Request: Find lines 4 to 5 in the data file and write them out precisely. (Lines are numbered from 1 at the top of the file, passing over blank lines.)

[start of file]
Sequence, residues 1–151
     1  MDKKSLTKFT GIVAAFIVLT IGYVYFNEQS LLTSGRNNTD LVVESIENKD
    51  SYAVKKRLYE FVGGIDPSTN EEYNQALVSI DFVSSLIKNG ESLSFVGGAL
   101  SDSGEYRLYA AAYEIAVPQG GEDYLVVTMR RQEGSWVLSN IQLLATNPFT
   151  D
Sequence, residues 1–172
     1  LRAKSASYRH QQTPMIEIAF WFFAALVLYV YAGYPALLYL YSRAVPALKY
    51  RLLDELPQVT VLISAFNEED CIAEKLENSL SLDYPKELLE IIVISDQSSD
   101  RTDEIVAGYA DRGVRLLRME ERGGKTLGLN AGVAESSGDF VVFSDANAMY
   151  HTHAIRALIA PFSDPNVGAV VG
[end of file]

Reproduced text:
   101  SDSGEYRLYA AAYEIAVPQG GEDYLVVTMR RQEGSWVLSN IQLLATNPFT
   151  D